Chemotherapeutic Agents: Prescribed for cancer precisely because they inhibit fast growing or fast acting cells, chemotherapeutic agents cause neuropathy and chronic pain in approximately one third of the patients to whom they are administered. Though nerve cells do not reproduce themselves like cancer cells do, they do change electrical states quickly and are thus particularly susceptible to the effects of chemotherapeutic drugs.
The fast acting nerves are mistaken for fast growing neo-plasms. Chemotherapy has the effect of de-mineralizing the synaptic fluid, damaging the integrity of the nerve cells, and making it difficult for the ionization of the cell membranes to propagate the signal along the surface of the nerve. When ionization takes place, the outer membrane of the nerve cells change from positive to negative in a wave like motion taking a positive charge from one end of the nerve all the way to the other end. Chemotherapy is designed to interrupt the ability of the cell to control the permeability of the outer membrane and this process is electrically modulated. This electrical interruption is misapplied when the agent is in contact with the myelin sheath of a health, active nerve cell and causes the nerve cell to “short out” and inhibit the necessary different potentials in the nodes of the myelin sheath.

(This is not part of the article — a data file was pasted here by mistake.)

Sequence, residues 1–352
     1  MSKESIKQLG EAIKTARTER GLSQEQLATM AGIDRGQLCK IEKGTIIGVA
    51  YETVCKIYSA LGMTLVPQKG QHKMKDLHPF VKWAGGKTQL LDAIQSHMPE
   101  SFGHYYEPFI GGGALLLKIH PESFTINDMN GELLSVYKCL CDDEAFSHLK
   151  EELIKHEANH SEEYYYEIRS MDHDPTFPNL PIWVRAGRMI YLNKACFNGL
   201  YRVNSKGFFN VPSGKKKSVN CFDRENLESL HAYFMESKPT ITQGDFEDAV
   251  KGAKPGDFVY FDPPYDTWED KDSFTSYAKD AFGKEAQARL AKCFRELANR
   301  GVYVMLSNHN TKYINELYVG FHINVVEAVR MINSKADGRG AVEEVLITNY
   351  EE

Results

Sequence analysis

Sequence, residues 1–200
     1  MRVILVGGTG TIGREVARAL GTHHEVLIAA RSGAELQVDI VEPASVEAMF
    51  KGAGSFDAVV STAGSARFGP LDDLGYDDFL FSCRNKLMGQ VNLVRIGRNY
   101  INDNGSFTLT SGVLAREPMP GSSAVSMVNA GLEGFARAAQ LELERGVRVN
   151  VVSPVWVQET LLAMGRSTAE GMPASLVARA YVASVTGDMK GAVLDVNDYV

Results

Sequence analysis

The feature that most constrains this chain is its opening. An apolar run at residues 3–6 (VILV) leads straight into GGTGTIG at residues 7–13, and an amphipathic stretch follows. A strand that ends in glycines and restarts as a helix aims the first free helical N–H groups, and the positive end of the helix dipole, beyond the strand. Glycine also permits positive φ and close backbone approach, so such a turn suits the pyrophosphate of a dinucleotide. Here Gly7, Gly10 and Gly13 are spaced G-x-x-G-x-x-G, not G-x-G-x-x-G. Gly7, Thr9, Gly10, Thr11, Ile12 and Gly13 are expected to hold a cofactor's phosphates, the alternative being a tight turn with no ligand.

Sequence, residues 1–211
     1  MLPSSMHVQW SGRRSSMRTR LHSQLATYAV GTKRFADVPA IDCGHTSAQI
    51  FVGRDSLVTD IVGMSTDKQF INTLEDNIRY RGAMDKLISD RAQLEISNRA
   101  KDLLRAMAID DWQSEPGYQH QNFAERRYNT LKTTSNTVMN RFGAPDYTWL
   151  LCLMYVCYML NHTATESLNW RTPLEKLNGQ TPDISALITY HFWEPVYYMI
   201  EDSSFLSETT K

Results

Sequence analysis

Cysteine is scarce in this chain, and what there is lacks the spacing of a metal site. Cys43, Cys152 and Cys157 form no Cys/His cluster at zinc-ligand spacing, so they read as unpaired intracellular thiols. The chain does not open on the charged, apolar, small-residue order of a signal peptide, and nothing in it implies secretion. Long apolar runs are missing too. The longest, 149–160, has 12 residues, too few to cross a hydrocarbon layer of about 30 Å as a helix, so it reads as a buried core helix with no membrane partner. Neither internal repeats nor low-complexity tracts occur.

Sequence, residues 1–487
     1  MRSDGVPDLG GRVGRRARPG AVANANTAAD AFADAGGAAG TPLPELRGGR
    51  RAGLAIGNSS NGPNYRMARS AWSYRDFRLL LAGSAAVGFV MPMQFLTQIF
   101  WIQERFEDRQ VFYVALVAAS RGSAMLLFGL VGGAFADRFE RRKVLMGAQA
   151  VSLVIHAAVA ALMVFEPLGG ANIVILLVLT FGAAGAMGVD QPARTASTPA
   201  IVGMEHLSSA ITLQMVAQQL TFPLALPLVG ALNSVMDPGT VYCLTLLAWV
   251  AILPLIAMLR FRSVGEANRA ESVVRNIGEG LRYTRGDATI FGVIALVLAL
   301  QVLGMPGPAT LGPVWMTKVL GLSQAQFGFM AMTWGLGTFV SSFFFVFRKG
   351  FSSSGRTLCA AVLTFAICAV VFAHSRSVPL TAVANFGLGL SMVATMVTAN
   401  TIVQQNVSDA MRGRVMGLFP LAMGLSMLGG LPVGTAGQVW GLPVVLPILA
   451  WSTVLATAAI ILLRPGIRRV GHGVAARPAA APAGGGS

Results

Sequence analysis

Cardiovascular Disease: By reducing the amount of blood that can perfuse the tissue of the lower legs and feet, cardiovascular disease can also cause neuropathy and chronic pain. When the arteries and veins become blocked, blood flow is reduced. One of the first symptoms is intermittent claudication which results in a reduction in the distance a patient can walk before the onset of localized leg pain due to reduced oxygen availability. Therefore, the muscle cells switch from aerobic metabolism to using anaerobic metabolism thereby creating greater than normal amounts of lactic acid, the by-product of muscle metabolism. The increased lactic acid collects in the cells causing inflammation and pain.